As I already mentioned, every translation is questionable, even if it does not contain crass mistakes. It is impossible to convey the full meaning of many Latin terms in contemporary English. This is particularly so because we have lost the “ear,” so to speak, enabling us to hear the etymological depth of words. For most contemporary speakers of English, words are labels that are extrinsically attached to the realities they designate. In fact, this loss of depth has much to do with the fact that even educated people no longer know Latin, which is behind so many English words. Thus, for example, who still hears the biological metaphor that is implicit in the notion of “concept”? What does conceiving an idea have to do with conceiving a child? Why is the same word used for both realities? Unlike us, medieval authors heard depths of meaning in every word they used. The idea that a term could be totally arbitrary seemed strange to them.

To give an example from Thomas Aquinas, in the well-known list of transcendentals that occurs in his Disputed Questions on Truth, the Angelic Doctor lists one transcendental as aliquid. This is usually translated as “something.” According to this rendering, Aquinas wants to say: everything that is, is a being; moreover, it is true, good, beautiful, and “something.” No one wonders why Aquinas would make such a trivial point: obviously, whatever is, is something! How could it not? But this is not what he means. In fact, he explains, dicitur aliquid quasi aliud quid. In Latin, the etymology of “something” is “another what”—so, everything that is, is only insofar as it is distinct from another. Suddenly, we discover a dynamic, dialectical dimension in Aquinas’s thought. In the regular translation of aliquid as “something,” this is lost entirely. The passage becomes nonsense.

The ultimate reason why, for the medievals, words are pregnant with meaning is their belief in the God who is Logos, Word. If God himself is the Word who speaks reality into existence, then words are powerful keys to the very structure of the real. We have to listen carefully to the message they hold. It is very difficult—maybe impossible—to convey this theological conception of language in a contemporary English translation.

These books are beautifully produced; how did the effort to make the volumes of the series beautiful objects play into the goals of the series?

That the books are so beautiful is entirely due to our publisher, Peeters of Louvain, Belgium. In an academic world that is dominated by global publishing conglomerates, Peeters stands out as a family business with roots from the middle of the nineteenth century. The publishing conglomerate works to generate profits for its shareholders, until it is gobbled up by an even larger enterprise; the family-owned publishing house, by contrast, wants to make sure the business is still there for the next generation. This attitude gives rise to a long-term business strategy that is most conducive to academic quality. Emmanuel Peeters, the father of the current owners, once told me: “We want to publish books that will still sell in fifty years.” Indeed, Peeters has a backlist that contains titles from the early twentieth century. With this approach, it is important to the Peeters family that the books they publish stand the test of time, in terms both of their content and of their presentation.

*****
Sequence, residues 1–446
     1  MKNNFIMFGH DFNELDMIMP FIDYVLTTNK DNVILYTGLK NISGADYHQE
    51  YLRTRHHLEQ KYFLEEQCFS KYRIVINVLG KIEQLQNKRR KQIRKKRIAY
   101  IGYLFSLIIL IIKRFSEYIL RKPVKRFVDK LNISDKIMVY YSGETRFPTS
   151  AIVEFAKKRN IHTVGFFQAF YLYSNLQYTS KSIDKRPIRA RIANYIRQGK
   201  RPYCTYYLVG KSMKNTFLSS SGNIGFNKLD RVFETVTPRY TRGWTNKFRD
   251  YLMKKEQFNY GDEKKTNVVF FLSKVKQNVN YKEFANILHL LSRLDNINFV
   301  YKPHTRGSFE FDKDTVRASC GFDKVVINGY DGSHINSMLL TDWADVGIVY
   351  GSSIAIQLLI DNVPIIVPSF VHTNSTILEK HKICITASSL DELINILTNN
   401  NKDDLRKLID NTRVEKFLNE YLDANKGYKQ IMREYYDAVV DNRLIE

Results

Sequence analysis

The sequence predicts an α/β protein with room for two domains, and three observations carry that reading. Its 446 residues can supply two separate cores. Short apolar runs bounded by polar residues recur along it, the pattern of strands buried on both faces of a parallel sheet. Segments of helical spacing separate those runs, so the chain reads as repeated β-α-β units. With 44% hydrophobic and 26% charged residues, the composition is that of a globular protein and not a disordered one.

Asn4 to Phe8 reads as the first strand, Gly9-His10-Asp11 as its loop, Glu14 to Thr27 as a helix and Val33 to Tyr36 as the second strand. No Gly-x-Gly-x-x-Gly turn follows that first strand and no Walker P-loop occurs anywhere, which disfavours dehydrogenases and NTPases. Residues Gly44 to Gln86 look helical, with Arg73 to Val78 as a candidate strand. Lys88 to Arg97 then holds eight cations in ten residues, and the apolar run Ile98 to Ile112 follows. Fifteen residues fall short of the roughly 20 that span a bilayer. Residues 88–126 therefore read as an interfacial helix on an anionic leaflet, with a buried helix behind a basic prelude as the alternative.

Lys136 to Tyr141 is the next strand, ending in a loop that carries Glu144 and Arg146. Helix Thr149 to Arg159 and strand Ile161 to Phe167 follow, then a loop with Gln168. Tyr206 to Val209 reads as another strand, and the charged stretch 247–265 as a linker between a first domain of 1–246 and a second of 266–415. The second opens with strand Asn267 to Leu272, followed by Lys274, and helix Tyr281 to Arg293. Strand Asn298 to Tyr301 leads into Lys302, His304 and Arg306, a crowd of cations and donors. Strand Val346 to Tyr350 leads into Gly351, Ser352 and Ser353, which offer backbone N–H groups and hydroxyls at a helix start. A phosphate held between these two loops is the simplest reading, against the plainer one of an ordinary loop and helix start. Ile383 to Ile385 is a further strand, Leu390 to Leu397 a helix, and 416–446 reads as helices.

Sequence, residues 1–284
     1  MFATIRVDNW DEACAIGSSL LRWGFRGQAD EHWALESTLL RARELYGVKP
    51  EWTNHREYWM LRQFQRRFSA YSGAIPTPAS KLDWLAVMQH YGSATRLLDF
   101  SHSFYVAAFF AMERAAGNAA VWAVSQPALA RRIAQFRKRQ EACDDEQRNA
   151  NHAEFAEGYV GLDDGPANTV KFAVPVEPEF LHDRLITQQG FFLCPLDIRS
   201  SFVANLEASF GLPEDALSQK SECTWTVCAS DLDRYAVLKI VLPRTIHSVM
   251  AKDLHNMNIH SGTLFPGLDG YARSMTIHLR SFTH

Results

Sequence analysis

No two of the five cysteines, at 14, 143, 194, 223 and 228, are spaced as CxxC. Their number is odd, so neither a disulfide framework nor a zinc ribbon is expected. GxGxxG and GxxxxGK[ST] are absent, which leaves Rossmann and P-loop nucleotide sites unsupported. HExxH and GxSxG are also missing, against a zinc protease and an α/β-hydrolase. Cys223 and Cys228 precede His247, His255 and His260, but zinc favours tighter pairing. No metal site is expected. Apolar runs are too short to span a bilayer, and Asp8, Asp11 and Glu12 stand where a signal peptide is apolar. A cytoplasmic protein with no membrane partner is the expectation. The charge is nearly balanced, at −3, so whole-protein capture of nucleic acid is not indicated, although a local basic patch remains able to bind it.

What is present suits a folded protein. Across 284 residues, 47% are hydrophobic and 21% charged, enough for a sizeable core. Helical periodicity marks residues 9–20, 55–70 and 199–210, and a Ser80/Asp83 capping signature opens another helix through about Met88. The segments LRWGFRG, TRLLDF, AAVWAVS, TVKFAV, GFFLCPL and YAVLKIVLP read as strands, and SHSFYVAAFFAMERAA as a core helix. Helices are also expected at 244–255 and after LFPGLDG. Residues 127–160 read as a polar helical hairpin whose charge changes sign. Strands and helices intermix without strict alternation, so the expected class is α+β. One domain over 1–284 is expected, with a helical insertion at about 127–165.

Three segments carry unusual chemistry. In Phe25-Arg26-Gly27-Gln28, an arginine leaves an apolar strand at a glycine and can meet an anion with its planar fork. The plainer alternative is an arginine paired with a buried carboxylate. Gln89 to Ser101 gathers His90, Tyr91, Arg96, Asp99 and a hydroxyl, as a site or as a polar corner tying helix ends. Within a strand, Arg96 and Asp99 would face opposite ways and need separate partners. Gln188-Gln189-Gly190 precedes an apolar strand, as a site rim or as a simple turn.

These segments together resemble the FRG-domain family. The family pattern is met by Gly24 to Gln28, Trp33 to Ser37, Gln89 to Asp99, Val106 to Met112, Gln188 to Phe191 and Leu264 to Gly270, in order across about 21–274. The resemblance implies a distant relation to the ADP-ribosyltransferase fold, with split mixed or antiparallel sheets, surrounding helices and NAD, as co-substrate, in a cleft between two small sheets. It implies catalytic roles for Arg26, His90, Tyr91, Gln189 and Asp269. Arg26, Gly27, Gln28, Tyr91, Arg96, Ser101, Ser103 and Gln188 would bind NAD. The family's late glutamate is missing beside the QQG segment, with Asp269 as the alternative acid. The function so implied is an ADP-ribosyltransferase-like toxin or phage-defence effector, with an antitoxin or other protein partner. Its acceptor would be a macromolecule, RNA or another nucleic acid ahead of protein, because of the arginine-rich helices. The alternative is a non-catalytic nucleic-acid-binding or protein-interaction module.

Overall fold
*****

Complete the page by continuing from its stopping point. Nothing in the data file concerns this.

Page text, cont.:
Can you tell us about one or two of the texts you find especially important to have brought to an English-speaking audience?

Let me mention two. The series just published St. Bonaventure’s treatment of the Eucharist in his massive commentary on the Sentences of Peter Lombard. Translated by a colleague from Baylor, Junius Johnson, the volume makes a wonderful contribution to a better understanding of the thought of the Seraphic Doctor, the eight hundredth anniversary of whose birth we celebrated in 2017. Bonaventure’s theology offers intellectual resources of great contemporary value, as the future Pope Benedict XVI demonstrated in his dissertation devoted to Bonaventure’s theology of history. Bonaventure thinks much more historically than most other scholastics, including Thomas Aquinas. In an age in which truth is challenged by a heightened awareness of historical development, it is important to understand how truth and time belong together in the Christian faith.

Another favorite volume of mine was authored by my late mentor, Professor James McEvoy. In the Bavarian State Library, McEvoy discovered an abridgment that one Brother Andrew, a Franciscan, prepared in the fifteenth century of some works by the thirteenth-century English theologian Robert Grosseteste. These works, in turn, were commentaries on the mystical theology by the mysterious but crucial Pseudo-Dionysius, a fifth-century author writing under the name of the disciple of St. Paul from the Acts of the Apostles. The abridgment is in many ways unremarkable; it is not one of the great works of Western literature. But that is the point: tradition is kept alive not only through the original creations of the greatest minds, but also requires the modest work of transmission and transformation that occurs in the writings of lesser figures. In this case, an otherwise unknown Franciscan from the late Middle Ages used Robert Grosseteste to understand the mystical theology of the Pseudo-Dionysius; the notes that he made to abridge this material were in turn used by other readers. Brother Andrew’s modest abridgment thus helped connect readers with the Pseudo-Dionysius across an entire millennium. That is tradition.

How will your recent appointment in Ireland affect the Dallas series?

The University of Dallas has appointed a young colleague from the History Department, Kelly Gibson, to act as co-editor. This appointment will ensure the continued association of the series with Dallas, while also adding a fresh editorial perspective. At the same time, the National University of Ireland has promised me support for a second editorial office in Maynooth. The series will therefore acquire a presence in Europe, which will strengthen its connections with English-speaking colleagues on that side of the Atlantic.  

Posted: December 27, 2017 in Interviews.

Did you see this one? book cover

Habit and Being in Burke
Jeffrey Hart
Volume 5, Number 1 (Autumn 1964)

The conservative believes that the individual is foolish, although the species is wise; therefore, unlike the confident intellectual, he declines to undertake the reconstruction of society and human nature.

Russell Kirk